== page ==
A black bear remains at large after entering a Juneau home through an open door, smacking a man around, terrifying a family of 12, then tearing out a window to make its escape.

The frightening encounter occurred last weekend when the adult bear walked into the mobile home of Angela and Norman Lott while their friend Brandon McVey was visiting around 11 p.m. Friday, according to the Anchorage Daily News.

One of the Lott’s 10 children, a 2-year-old, reportedly reached out to touch the furry intruder, but was whisked away by his mom, who hid with the boy in a bedroom while his brothers and sisters took shelter where they could find it.

McVey and the children’s father tried scaring off the animal, but the bear didn’t frighten easily. Instead, it swatted the men away.

“He just jumped up and basically hit me, and then I kind of threw an elbow the same time he was hitting me, and he sat me right down,” McVey told the Anchorage paper.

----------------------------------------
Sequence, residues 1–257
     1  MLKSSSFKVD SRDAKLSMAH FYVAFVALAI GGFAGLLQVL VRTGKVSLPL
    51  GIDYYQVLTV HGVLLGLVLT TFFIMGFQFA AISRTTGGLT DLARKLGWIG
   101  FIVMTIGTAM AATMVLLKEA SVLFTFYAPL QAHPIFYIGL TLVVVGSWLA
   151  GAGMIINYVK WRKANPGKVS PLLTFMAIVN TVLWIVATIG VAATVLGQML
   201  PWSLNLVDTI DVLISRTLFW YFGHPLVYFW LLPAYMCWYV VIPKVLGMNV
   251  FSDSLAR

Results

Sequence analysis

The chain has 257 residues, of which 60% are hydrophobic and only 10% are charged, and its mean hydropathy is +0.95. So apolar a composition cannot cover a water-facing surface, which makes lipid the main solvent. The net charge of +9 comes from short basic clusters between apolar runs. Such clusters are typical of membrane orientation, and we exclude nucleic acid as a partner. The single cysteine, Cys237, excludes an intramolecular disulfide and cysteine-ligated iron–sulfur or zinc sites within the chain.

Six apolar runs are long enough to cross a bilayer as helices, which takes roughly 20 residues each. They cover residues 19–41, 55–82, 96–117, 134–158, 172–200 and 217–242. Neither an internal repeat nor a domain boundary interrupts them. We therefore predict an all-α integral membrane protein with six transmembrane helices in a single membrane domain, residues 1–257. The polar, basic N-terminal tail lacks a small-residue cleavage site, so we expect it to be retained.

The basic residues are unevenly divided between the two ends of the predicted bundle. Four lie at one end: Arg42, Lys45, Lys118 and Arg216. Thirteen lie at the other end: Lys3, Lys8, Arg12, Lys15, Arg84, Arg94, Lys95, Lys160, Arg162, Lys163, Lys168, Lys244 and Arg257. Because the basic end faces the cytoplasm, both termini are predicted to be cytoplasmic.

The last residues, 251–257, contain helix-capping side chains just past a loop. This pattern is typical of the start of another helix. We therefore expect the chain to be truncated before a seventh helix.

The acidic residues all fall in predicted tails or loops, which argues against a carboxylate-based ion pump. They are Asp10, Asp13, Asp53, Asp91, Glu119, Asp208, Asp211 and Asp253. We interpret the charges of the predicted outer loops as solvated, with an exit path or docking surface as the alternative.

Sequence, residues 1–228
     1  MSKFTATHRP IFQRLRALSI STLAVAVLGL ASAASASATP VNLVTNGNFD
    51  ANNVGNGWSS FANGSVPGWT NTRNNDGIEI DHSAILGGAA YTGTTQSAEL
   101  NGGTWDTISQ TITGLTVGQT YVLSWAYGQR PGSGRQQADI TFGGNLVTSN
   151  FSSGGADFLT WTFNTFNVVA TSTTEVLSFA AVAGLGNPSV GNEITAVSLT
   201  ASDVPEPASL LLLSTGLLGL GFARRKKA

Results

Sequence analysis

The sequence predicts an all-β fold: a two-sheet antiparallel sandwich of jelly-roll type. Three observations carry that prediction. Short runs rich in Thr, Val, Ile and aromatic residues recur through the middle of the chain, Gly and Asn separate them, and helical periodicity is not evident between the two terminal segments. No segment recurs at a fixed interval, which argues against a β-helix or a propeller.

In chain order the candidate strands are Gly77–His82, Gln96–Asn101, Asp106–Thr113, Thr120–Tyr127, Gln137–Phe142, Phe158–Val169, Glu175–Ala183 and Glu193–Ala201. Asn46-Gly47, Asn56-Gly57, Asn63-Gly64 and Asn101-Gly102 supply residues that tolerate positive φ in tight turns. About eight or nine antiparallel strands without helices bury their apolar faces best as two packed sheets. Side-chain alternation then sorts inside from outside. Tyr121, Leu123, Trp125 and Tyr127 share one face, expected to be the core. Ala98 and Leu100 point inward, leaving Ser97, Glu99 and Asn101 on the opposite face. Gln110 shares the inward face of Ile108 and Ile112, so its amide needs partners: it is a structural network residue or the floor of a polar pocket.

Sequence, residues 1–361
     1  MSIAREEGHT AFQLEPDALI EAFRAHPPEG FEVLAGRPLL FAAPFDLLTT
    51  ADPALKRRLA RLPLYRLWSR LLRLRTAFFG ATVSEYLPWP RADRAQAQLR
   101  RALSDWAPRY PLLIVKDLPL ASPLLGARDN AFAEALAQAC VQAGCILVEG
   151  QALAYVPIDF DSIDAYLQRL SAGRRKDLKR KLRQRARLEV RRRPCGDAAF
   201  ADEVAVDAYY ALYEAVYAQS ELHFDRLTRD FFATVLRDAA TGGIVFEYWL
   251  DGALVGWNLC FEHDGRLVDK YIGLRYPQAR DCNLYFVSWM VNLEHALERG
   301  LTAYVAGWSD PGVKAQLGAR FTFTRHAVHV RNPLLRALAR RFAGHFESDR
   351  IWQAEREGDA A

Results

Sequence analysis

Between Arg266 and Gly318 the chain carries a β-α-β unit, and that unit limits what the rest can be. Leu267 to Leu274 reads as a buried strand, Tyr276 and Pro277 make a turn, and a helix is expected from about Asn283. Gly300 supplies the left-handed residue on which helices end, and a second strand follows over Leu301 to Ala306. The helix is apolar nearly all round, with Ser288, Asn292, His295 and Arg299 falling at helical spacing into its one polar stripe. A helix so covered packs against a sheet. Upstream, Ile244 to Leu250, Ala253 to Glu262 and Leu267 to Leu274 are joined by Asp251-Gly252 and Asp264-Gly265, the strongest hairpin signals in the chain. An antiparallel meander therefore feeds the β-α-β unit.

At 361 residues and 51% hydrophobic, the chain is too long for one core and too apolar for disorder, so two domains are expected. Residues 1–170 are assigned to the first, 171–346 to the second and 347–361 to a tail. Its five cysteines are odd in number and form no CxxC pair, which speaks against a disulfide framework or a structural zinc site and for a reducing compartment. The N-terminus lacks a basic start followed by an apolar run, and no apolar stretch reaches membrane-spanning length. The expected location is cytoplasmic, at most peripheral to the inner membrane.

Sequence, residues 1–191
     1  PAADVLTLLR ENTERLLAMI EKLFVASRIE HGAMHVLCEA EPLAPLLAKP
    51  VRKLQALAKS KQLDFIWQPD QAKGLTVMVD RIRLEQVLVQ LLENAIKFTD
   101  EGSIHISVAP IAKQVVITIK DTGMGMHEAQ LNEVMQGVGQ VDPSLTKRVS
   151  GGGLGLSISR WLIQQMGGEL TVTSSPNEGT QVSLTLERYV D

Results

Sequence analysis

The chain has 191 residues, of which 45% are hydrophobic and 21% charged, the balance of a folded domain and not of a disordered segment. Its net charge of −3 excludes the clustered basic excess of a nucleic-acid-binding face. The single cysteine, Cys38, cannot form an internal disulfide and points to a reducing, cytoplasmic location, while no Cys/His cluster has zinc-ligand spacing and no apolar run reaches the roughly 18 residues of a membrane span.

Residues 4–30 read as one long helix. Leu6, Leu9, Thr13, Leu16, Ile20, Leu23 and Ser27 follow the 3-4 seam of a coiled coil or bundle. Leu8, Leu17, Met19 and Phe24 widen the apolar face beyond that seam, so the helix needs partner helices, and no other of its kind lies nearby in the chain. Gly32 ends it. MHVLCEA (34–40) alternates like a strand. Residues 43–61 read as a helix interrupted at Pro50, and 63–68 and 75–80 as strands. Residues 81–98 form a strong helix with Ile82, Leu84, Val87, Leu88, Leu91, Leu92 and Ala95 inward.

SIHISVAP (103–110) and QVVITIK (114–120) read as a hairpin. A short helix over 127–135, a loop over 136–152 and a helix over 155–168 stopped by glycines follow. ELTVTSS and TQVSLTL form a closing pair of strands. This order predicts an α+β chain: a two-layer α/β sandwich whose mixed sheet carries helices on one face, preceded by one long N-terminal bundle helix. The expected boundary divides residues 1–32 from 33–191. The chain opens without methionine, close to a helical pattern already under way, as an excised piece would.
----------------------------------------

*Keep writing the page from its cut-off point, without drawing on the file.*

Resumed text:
McVey suffered three puncture wounds to his chest and was scratched-up as well. The family patriarch was also tossed aside by the bear, which ripped-up a wall, then pulled a window from its frame and wandered back outside.

Alaska Department of Fish and game Area biologist Roy Churchwell told the Anchorage Daily News that black bears usually avoid humans and when they do enter people’s homes, they tend to do so when no one is home.

Churchwell said there appear to be more black bears in Juneau than what’s normal and it seems there are fewer fish and berries for them to eat this season. He also wondered if a lack of tourism during the pandemic is making bears less skittish about roaming into town.

McVey suggests his neighbors keep their doors closed so bears don’t come looking for food.

“They’re getting wild out there,” he said.

The Alaska Department of Fish and Game claims that 100,000 black bears call the state home. Males like the one that entered the Lott family’s abode reportedly measure five feet from nose to tail and weigh roughly 200 pounds.

“The tendency for black bears to take advantage of human food or garbage as alternative foods has been the greatest management problem within the Juneau area,” according to the department’s website.